A quick comparison of the two types of sleep assessments used in diagnosing sleep disorders.
Sleep assessments help diagnose sleep disorder(s) in a person. There are two main types of sleep tests:
- An in-hospital overnight sleep test (in-patient)
- A home-based overnight sleep test (done in the patient’s home).
Sleep tests are ordered based on the type of sleep disorder a person is suspected to have.
The in-hospital sleep test is comprehensive and monitors numerous parameters. Although the in-hospital overnight sleep test is useful, it suffers from several disadvantages:
- limited resources
- limited recording beds
- high cost
- long waiting lists
- intensive labour requirements (it requires an overnight sleep technician)
- it is difficult for elderly or chronically ill patients to travel to the hospital and to spend the night in the sleep laboratory
- many patients often find the polysomnographic (PSG) equipment too cumbersome
- first night effect (due to a new environment, patients might not be able to sleep at all).
Due to these shortcomings, many sleep specialists have moved away from asking the patient to stay in the hospital for the sleep test and have, instead, considered other locales in which to monitor the patient’s sleep, such as the comfort of one’s own home.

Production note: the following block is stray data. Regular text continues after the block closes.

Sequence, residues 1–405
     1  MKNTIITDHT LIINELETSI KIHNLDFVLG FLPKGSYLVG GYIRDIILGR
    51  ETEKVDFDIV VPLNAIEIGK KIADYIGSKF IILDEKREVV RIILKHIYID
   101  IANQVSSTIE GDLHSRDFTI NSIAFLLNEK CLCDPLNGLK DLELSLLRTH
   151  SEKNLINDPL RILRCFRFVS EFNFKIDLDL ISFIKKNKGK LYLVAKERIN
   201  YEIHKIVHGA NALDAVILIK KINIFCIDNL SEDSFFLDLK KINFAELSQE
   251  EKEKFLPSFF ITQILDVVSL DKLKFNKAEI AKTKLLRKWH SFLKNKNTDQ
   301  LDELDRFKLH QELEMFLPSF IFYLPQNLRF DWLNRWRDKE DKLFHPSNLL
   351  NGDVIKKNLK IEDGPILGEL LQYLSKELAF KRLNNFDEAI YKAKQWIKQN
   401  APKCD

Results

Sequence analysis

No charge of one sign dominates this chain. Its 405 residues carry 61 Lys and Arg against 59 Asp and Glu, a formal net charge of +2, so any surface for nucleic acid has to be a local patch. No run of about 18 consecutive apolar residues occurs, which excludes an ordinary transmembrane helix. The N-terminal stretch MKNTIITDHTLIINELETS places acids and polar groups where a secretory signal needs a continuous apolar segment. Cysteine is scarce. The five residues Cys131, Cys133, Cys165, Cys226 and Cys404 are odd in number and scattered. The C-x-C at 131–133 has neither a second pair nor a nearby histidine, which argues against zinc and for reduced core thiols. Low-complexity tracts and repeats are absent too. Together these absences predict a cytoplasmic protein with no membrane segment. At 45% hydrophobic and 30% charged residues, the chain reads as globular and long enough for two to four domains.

The ideal home-based sleep test device should be:
- easy to use
- safe for the patient
It should be operable by relatively unskilled people, even at home by the patient himself. An example is the wrist-worn device known as the Watch PAT (which stands for peripheral arterial tonometry) that is used to detect obstructive sleep apnea / apnoea (OSA).
The PAT or peripheral arterial tonometry technology represents a unique and relatively new concept of non-invasive measurement of stress levels that appears to be very accurate for detecting apneic events during sleep. Dr Pang K.P. and his researchers have found that the wrist-worn Watch PAT is similar to and as accurate as the in-hospital overnight sleep test. Many other initiated authors have also found a good correlation between the Watch PAT and the overnight sleep study in the hospital.
The paradigm has shifted from the cumbersome in-hospital laboratory overnight sleep test to the convenient, cheaper and accurate home-based device, such as the Watch PAT. Notably, the Watch PAT is already FDA-approved in the United States of America, and most insurance companies in the USA recognise its advantages and support its use.
However, home-based sleep tests may not be for everyone. For example, unsuitable candidates for home testing include patients with congestive heart failure or seizures and those who might need overnight nurse monitoring as well. These people may be recommended for a more detailed, monitored sleep test in the hospital or laboratory.